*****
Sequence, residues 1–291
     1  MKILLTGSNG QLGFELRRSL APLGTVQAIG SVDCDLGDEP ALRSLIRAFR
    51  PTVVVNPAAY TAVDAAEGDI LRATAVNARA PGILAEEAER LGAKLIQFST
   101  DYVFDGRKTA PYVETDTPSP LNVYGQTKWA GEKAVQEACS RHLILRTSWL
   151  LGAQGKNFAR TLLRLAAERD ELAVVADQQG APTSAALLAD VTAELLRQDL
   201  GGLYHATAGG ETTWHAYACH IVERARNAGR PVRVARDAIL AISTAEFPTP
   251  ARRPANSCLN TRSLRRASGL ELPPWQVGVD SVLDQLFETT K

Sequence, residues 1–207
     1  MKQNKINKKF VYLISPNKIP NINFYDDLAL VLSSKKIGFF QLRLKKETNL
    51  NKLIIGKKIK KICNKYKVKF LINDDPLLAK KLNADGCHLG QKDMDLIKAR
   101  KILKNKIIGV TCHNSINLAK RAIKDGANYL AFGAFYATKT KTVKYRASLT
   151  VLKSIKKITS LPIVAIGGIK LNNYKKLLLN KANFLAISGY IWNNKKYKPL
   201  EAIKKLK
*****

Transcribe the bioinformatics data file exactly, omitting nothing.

Sequence, residues 1–291
     1  MKILLTGSNG QLGFELRRSL APLGTVQAIG SVDCDLGDEP ALRSLIRAFR
    51  PTVVVNPAAY TAVDAAEGDI LRATAVNARA PGILAEEAER LGAKLIQFST
   101  DYVFDGRKTA PYVETDTPSP LNVYGQTKWA GEKAVQEACS RHLILRTSWL
   151  LGAQGKNFAR TLLRLAAERD ELAVVADQQG APTSAALLAD VTAELLRQDL
   201  GGLYHATAGG ETTWHAYACH IVERARNAGR PVRVARDAIL AISTAEFPTP
   251  ARRPANSCLN TRSLRRASGL ELPPWQVGVD SVLDQLFETT K

Sequence, residues 1–207
     1  MKQNKINKKF VYLISPNKIP NINFYDDLAL VLSSKKIGFF QLRLKKETNL
    51  NKLIIGKKIK KICNKYKVKF LINDDPLLAK KLNADGCHLG QKDMDLIKAR
   101  KILKNKIIGV TCHNSINLAK RAIKDGANYL AFGAFYATKT KTVKYRASLT
   151  VLKSIKKITS LPIVAIGGIK LNNYKKLLLN KANFLAISGY IWNNKKYKPL
   201  EAIKKLK